After a long cessation therefore, then, of miracle and prophecy, the time approaches when the first proof is to be given that the Creator of the world was still mindful of the favoured house of Israel, and of the whole human race. The spirit of prophecy revives-an angel descends from Heaven: and, as if it were more immediately to connect the new dispensation with that which it was to supersede, this blessed Messenger begins by foretelling the very same event, in the same words, which had been used by Malachi in delivering the last prophecy vouched to the Jewish Church. “Behold I will send you Elijah the prophet before the coming of the great and dreadful day of the Lord : and he shall turn the hearts of the fathers to tbe chil. dren, and the hearts of the children to their fathers,” Malachi iv. 5, 6. To Zechariah it is foretold: “And he shall go before Him in the spirit and power of Elias, to turn the hearts of the fathers to the children, and the disobedient to the wisdom of the just,” Luke i. 17. The first prophecy of the New Testament is given in the very same language as the last of the Old Testament: thereby offering to the Jews the strongest evidence in favour of their long expected Messiah. The birth of John, the forerunner of the promised Saviour, was announced by the testimony of an Angelic Vision--the return of the Spirit of Prophecy—and the revival of miracles, in the dumbness of his father, its definite continuance, and its predicted removal. The attention of the people must have been powerfully excited: and the beginning of the new dispensation was distinguished by the same superhuman characteristics, which had proved the divine origin of that which was now to be done away.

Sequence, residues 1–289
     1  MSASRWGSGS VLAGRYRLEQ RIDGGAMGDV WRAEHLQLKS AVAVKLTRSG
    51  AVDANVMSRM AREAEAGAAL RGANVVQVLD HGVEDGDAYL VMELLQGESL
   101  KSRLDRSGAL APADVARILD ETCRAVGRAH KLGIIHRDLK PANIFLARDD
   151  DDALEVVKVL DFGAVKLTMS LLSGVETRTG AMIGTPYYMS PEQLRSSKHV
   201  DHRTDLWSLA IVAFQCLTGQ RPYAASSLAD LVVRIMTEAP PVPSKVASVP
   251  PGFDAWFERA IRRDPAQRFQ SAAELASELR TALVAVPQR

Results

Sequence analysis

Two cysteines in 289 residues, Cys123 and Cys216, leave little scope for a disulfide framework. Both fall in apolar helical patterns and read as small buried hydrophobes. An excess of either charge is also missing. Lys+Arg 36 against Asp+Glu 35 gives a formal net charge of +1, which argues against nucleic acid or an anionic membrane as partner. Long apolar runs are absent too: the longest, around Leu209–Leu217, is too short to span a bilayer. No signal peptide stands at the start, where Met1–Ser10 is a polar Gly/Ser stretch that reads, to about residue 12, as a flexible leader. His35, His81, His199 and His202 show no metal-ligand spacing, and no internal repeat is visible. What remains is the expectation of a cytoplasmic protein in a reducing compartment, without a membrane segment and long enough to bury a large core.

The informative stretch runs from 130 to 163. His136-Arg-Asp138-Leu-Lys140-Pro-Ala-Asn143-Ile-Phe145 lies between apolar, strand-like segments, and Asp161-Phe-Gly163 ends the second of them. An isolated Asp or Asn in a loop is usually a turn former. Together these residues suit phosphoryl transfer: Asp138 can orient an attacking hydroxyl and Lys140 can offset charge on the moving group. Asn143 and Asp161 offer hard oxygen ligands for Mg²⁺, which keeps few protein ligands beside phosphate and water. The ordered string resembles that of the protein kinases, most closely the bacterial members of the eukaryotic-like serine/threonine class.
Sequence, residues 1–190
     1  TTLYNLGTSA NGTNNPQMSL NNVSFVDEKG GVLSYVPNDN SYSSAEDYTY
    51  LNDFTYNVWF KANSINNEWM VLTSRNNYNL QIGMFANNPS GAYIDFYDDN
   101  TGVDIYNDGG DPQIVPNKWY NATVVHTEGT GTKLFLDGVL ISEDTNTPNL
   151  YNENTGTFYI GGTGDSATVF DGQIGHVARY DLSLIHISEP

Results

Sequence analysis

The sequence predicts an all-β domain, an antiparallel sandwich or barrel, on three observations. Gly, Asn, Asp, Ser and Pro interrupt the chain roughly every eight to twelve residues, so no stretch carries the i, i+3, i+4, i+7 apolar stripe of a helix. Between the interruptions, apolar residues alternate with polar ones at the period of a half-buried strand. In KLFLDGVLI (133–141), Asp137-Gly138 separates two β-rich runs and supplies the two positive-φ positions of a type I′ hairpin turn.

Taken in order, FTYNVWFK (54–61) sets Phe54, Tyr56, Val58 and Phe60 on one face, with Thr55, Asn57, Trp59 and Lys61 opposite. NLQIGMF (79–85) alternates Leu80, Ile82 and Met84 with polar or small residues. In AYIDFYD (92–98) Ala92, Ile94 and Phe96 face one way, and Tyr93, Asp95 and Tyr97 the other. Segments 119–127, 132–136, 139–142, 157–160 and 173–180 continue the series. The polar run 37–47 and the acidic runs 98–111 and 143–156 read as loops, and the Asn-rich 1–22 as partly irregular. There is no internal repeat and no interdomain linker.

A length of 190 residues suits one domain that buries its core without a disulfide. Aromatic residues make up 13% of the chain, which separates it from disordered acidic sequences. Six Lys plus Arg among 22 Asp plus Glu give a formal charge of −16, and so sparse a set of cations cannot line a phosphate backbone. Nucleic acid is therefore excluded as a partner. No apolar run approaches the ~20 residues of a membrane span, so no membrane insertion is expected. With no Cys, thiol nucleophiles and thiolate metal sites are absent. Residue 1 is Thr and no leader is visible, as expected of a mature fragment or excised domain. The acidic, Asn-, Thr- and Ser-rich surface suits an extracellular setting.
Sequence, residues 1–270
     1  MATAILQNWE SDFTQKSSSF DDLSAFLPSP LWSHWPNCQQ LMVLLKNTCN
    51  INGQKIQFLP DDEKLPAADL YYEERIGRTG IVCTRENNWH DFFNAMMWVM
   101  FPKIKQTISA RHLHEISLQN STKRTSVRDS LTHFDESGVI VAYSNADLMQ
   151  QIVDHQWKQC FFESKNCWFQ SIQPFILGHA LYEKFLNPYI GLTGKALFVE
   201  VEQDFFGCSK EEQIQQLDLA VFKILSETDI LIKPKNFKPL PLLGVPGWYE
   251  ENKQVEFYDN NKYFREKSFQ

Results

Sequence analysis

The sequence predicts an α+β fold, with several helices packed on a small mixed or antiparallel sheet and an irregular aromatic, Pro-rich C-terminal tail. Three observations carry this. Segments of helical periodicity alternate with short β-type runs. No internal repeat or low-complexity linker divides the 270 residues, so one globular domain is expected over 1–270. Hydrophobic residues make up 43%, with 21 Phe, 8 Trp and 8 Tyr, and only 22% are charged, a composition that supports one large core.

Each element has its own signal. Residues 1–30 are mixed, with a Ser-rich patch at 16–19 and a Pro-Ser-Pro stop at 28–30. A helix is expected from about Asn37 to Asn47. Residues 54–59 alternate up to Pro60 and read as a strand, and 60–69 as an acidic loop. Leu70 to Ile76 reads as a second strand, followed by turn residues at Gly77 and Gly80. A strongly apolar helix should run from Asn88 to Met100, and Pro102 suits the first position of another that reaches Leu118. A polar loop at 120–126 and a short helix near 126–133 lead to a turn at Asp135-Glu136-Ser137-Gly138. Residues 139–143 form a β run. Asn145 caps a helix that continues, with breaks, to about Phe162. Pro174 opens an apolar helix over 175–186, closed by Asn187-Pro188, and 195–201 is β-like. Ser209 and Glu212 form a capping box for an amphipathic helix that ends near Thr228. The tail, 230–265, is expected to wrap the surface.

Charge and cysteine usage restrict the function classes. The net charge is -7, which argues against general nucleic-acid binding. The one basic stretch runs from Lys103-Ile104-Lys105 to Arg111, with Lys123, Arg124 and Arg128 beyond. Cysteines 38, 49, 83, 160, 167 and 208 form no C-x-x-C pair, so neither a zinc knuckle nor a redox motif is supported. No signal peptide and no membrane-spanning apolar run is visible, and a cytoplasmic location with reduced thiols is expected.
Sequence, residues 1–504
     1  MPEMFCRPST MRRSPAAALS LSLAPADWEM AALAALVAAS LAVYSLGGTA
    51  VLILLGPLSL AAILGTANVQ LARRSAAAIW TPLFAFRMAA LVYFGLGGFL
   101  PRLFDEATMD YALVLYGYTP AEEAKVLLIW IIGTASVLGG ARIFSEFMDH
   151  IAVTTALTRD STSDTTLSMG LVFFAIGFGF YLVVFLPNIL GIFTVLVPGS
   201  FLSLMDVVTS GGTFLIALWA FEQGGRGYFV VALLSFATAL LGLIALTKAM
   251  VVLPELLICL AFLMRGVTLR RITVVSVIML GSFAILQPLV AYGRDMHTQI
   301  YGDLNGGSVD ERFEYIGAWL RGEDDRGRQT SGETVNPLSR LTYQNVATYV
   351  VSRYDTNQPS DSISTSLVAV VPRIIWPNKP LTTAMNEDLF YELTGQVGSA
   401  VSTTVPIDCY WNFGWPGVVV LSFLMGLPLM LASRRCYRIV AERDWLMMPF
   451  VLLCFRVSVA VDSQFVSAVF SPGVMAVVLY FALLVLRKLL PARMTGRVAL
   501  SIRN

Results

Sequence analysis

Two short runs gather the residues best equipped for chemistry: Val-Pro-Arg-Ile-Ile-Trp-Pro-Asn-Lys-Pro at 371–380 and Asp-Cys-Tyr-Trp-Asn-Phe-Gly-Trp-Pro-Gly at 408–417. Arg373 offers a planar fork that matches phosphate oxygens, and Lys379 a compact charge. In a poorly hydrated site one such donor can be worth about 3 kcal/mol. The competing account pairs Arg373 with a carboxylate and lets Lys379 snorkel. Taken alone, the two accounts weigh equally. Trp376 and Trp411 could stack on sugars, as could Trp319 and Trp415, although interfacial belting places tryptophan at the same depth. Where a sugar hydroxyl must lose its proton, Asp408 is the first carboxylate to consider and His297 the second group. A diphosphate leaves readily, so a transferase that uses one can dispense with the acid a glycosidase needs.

The numbers of each of the twenty-four courses of the priests was so great, that many thousands were in weekly and daily attendance upon the service of the temple. The most solemn of the daily services was that which had been appointed by lot, in the usual manner, to Zacharias. When he entered into the holy place to burn incense, the congregation of Israel stood without in profound silence, offering up their prayers, and waiting till the Priest returned, as was customary, to dismiss them with his blessing. The congregation consisted of the whole course of the Priests, whose weekly turn of attendance was now going on; in addition to which, were the Levites that served under these Priests --the men of the station, as the Rabbis called them, whose office it was to present the whole congregation, by putting their hands on the heads of the sacrifices—and the multitude from the city, whom devotion would now have drawn to their

29

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Before the 6 And they were both righteous before God, walking Temple at
Valgar Æra, in all the commandments and ordinances of the Lord Jerusalem.
6.
Year of the blameless.
Julian Pe-
riod, 4708.

temple, including of course the Presidents and Overseers of the
temple, and others of the first rank and chief note at Jerusalem.

Lightfoot supposes, from the expression, v. 10. “ the whole
multitude," (c) that a larger crowd than usual was then assem-
bled: that it might have been a sabbath; and upon the hypo-
thesis, which he has attempted to defend at length, he calculates
that the course of Abiah served in their turn at this time, in the
eighth week after the Passover, and that the lessons read in the
temple were the law of the Nazarites, Numb. vi. and the con-
ception of Samson. But this, though ingenious, must be in
some degree conjectural.